Imagine the cork board from the Personal Kanban section, with the three columns, “Options — Doing — Done.” Now, imagine being able to put that cork board in your pocket and carry it around. That’s what the application Trello allows you to do. Not only can you carry around that cork board, you can carry around as many cork boards as you like and each board can have a different purpose.


Here’s a screenshot of some of the boards I carry with me.

  • The "Current Focus" is what I’m working on during my current sprint.

  • The “Inspired Storm” board is what needs to get done for my business. I also store blog ideas and other bits of information there.

  • The “Errands” board holds shopping lists and is shared with everyone in my family, so no matter who’s out and about, they know what to buy.

  • The “Chores” board holds descriptions of all the household chores and is also shared with my whole family.

Trello screen with boards: Current Focus, Inspired Storm, Health Plan, Errands, and Chores

Here's a screenshot of the "Chores" board so you can see the virtual index cards organized in columns.

An open trello board with columns of chores: Dining/living/bathroom, kitchen, mudroom/outside, bedroom.

To continue your mental picture, imagine you can flip each index card over and write on the back of it.

Below is an example: If you flip over (click on) the “Clean Bathroom” card, you can see all the tasks that need to get done for that chore to be complete.


(This is for the kids because even though they can remember every map for every video game ever created, they somehow can’t remember the steps necessary to clean the bathroom. C'est la vie!)

Because these are virtual cards, in addition to writing on them, you can:

  • attach a photo

  • embed a link to your google drive

  • allow collaborators to leave comments

  • create multiple checklists

  • assign a due date

  • and many, many other cool features

If all that is not enough, you can also connect these boards and index cards to work in unison with other applications, for example: you can integrate with your email and automatically turn an email into an index card on your board.


Another integration I love automatically creates a card in the "Grocery Store" column on my errands board when someone tells our Amazon Echo Dot (Alexa) to add something to the shopping list. This means no one ever has to tell me that we're out of anything. They just say, "Alexa, add ____ to the shopping list." And then I check this board when I'm at the store or placing an online order.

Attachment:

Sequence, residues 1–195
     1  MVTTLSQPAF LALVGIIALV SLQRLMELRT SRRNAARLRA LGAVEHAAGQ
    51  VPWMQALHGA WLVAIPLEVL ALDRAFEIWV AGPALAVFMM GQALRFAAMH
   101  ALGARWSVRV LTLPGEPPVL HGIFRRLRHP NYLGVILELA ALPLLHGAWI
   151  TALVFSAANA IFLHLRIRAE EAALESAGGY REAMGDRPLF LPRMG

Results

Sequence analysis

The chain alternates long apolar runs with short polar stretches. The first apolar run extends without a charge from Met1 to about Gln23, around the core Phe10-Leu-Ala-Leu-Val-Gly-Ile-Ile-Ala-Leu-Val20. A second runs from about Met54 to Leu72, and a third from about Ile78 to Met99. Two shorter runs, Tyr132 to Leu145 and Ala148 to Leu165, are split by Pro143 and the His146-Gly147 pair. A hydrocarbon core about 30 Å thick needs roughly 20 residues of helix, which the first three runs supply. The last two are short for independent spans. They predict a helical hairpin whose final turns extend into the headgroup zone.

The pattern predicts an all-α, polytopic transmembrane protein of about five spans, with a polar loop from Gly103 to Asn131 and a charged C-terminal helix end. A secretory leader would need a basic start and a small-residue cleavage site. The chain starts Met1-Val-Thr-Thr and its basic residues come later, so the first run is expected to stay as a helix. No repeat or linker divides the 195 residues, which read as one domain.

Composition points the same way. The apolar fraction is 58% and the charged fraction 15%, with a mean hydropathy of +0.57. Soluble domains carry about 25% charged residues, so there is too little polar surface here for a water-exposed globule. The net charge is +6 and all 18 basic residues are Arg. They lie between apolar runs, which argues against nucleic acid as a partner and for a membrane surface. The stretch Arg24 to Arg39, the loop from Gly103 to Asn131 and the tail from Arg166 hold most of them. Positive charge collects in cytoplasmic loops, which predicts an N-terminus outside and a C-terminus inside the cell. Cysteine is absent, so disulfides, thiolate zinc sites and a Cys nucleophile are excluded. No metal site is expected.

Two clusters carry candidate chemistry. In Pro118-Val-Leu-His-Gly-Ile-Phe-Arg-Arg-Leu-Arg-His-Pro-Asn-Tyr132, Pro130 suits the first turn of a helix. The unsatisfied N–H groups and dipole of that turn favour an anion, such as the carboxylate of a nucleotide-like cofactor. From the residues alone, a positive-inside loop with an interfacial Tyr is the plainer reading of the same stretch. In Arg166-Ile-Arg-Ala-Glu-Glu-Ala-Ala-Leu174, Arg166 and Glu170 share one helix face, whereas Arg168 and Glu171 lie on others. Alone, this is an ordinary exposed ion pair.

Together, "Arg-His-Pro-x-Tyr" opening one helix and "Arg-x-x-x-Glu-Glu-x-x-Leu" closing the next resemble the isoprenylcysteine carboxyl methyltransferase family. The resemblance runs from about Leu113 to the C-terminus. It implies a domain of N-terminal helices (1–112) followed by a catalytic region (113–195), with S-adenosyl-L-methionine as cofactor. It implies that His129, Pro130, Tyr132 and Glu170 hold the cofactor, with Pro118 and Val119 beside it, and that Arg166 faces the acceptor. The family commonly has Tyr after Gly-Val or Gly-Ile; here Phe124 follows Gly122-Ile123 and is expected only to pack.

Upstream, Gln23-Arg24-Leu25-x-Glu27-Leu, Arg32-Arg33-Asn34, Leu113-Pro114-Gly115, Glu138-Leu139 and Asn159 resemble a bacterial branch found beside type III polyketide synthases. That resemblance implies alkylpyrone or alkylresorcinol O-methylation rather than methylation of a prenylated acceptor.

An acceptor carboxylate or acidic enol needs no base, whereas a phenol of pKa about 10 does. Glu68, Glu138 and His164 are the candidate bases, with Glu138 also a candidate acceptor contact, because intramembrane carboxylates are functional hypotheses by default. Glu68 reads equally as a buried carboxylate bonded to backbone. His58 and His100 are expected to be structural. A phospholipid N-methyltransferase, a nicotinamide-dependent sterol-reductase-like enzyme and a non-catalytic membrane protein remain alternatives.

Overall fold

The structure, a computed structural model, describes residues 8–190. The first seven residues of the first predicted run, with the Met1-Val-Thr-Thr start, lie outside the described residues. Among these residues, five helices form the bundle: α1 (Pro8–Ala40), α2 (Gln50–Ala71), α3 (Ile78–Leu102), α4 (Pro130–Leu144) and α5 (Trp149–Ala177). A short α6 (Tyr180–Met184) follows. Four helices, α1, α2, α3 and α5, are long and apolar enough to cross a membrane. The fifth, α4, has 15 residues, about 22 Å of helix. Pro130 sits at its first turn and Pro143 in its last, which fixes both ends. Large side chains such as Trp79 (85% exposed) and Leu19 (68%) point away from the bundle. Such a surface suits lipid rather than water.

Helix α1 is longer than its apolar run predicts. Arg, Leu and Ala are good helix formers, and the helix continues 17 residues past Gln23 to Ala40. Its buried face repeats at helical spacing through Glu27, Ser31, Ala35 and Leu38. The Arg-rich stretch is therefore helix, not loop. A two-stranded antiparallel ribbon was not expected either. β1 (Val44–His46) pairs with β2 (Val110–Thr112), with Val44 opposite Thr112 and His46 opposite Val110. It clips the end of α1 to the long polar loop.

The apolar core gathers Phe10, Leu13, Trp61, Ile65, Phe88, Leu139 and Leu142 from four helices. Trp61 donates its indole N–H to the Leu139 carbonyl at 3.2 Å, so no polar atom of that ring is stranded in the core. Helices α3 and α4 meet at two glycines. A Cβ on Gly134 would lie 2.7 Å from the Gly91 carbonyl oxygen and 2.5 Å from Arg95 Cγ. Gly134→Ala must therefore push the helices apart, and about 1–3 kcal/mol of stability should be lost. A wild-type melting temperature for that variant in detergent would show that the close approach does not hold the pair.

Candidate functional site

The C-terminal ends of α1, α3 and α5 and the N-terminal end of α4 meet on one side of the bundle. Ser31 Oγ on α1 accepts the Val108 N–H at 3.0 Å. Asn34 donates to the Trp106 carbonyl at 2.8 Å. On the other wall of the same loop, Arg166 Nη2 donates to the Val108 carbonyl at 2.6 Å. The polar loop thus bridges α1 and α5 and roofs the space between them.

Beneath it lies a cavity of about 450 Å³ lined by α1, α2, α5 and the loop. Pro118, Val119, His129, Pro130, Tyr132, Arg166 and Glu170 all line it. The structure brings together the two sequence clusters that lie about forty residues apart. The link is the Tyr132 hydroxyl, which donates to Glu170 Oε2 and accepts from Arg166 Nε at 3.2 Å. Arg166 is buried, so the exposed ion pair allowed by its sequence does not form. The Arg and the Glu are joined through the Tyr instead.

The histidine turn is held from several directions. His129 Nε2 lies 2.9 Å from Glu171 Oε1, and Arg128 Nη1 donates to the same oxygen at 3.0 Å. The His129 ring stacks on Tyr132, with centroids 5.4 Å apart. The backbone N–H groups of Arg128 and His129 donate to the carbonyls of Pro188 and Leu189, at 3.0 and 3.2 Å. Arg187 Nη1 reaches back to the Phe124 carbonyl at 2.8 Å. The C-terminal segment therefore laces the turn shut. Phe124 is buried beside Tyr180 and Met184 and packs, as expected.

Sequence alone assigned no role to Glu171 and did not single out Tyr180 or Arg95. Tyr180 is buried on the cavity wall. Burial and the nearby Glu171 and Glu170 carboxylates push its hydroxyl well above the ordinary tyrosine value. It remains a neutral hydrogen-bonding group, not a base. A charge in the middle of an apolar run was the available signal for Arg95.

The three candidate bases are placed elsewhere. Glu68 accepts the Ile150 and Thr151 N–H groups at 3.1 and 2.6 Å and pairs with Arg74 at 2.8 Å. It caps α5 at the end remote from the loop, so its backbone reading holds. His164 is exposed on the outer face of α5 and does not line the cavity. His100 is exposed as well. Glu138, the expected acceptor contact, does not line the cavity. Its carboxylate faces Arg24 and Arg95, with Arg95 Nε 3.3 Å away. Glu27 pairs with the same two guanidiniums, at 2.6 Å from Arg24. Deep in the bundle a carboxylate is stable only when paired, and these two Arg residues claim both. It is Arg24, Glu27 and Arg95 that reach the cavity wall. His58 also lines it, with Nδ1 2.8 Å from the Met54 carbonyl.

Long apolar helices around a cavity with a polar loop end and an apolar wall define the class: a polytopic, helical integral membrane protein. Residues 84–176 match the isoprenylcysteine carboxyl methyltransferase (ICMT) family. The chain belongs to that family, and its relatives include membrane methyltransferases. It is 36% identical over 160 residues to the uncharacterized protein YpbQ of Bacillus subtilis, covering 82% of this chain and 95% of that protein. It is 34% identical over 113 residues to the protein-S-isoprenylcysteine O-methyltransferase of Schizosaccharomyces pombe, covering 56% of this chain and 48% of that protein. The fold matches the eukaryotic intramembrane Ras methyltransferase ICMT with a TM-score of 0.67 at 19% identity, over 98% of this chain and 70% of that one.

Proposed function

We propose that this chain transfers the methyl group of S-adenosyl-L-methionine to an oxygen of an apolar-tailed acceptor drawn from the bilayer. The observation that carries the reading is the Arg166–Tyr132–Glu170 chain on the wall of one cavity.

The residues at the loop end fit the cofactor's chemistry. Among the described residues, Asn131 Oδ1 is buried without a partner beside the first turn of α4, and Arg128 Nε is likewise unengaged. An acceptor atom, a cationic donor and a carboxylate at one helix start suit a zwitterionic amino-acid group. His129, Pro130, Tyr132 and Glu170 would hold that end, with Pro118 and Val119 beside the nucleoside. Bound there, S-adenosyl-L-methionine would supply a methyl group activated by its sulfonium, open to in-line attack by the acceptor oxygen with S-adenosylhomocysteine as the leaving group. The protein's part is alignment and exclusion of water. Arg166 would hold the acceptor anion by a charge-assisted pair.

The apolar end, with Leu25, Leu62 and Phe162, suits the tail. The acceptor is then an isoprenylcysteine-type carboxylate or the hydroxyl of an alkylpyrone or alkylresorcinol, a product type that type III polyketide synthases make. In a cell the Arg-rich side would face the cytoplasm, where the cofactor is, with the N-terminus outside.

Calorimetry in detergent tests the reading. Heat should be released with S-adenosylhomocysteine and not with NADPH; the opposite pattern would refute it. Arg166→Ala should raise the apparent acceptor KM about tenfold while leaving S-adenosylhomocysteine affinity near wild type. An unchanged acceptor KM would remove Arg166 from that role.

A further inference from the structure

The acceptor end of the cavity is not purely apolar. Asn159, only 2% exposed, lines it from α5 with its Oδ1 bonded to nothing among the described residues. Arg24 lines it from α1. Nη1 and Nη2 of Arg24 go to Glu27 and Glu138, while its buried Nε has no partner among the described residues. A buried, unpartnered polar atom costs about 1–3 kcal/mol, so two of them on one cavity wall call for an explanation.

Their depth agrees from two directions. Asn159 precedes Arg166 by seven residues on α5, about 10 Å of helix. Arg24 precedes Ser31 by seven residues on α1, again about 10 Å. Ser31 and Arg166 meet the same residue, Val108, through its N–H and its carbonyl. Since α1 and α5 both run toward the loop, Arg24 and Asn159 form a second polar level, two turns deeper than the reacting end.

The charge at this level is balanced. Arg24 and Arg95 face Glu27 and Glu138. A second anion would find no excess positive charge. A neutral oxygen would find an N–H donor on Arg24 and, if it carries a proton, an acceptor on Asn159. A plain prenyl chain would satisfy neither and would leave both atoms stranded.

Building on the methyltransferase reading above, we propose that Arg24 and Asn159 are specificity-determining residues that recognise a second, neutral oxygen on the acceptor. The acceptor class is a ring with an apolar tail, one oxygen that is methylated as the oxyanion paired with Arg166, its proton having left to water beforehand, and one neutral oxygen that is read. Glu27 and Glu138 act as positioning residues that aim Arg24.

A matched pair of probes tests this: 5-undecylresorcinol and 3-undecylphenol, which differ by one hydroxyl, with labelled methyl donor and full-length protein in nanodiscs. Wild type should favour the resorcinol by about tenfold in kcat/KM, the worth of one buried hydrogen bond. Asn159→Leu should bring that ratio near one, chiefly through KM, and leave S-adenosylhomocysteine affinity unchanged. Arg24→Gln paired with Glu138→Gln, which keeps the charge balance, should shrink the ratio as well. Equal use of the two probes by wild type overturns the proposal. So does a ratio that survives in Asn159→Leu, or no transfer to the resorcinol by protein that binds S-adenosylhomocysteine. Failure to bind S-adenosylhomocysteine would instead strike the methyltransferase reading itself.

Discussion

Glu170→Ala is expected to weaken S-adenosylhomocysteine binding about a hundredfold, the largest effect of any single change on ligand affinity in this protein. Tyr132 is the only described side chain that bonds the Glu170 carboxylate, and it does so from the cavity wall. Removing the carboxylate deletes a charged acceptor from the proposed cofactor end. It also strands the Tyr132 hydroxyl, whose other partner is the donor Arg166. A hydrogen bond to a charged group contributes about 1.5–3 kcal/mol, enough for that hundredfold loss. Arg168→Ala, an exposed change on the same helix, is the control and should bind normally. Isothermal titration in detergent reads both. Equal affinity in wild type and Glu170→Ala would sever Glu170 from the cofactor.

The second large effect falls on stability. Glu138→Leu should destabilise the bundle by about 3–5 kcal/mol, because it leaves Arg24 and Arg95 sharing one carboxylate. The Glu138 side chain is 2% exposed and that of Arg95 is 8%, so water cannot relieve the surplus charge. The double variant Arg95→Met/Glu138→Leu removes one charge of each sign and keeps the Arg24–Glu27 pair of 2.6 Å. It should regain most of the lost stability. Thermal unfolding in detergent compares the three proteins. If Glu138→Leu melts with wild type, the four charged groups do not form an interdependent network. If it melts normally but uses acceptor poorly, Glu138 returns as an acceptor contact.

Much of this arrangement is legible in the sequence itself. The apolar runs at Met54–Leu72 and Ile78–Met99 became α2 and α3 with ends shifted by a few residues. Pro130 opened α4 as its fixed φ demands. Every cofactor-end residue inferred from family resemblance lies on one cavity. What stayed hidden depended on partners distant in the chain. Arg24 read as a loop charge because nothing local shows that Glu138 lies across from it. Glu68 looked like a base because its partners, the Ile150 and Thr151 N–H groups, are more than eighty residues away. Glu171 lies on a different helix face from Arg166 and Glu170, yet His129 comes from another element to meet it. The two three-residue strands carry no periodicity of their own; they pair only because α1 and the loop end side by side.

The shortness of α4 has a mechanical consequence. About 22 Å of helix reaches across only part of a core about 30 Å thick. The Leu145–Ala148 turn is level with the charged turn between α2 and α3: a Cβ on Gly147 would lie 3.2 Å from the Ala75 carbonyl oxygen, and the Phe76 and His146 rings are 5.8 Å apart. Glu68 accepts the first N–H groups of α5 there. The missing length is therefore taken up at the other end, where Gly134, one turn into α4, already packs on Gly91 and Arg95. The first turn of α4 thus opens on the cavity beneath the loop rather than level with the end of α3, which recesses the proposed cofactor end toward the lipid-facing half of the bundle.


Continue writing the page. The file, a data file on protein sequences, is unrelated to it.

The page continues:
Trello board with columns as a shopping list: grocery store, done, home goods, project supplies.

Trello is insanely powerful, but also super adaptable. So, if you want to keep it simple, you can; alternatively, once you're comfortable with it, you can power it up, automate, and flex a little muscle.


I’ve made my “Current Focus” board to mimic the Trello co-founder's board, so I can see my appointments (automatically pulled over from my calendar) and my actions all on one list. It’s helpful because I often imagine I have 8 hours a day to work, but the reality is, after accounting for scheduled meetings and events, I often only have a couple of hours for focused work. This lets me see that at a glance.


Do I still drop the ball sometimes? Yep, without a doubt! (If you’ve ever emailed me and expected a timely response, you’ll know keeping up with email is my biggest weakness) However, most of the time, I know I’m dropping stuff that isn’t mission critical. I know I can pick up things I've dropped, and I know that I’m working on my big rocks instead of chasing my tail.


Having a system also means that when something wonderful pops into my space and I choose to ditch my plan for the afternoon, the day, the week, or longer, I'm clear on all the things I’m choosing not to do, instead of being surprised about how far behind I am later.


Best of all, when inspiration strikes, I can quickly capture my thoughts and take action on them later, leaving my brain space free for whatever's in front of me.